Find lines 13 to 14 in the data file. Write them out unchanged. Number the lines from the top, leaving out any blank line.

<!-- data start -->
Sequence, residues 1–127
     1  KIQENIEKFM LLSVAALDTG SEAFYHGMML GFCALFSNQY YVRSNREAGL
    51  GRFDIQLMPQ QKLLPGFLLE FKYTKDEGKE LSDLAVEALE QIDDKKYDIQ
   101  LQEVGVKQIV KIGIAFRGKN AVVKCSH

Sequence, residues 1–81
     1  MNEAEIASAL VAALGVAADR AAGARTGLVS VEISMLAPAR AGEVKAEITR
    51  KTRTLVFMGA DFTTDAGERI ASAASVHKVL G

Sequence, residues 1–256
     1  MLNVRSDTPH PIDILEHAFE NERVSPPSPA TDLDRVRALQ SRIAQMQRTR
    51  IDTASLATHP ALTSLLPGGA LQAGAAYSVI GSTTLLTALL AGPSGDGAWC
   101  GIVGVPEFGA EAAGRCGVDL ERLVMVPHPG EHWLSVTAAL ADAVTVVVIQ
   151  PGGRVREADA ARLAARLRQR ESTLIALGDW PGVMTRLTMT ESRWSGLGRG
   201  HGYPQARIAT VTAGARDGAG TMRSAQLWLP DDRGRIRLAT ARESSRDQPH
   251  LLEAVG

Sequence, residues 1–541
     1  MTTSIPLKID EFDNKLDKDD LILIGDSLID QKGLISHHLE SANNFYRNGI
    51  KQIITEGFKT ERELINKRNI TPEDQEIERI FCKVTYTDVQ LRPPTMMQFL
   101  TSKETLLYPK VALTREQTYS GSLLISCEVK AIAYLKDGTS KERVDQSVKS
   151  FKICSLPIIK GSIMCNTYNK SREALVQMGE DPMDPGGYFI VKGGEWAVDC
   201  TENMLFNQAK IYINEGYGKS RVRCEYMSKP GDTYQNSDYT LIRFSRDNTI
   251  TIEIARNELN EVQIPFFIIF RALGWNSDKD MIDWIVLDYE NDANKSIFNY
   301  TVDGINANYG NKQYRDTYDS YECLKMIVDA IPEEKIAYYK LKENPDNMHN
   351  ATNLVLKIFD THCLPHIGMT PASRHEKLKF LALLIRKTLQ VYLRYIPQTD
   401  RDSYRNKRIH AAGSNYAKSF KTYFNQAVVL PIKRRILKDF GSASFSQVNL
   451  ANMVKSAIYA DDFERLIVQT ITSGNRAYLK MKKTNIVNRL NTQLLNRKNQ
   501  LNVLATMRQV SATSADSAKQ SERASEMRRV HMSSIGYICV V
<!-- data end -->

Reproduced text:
   201  HGYPQARIAT VTAGARDGAG TMRSAQLWLP DDRGRIRLAT ARESSRDQPH
   251  LLEAVG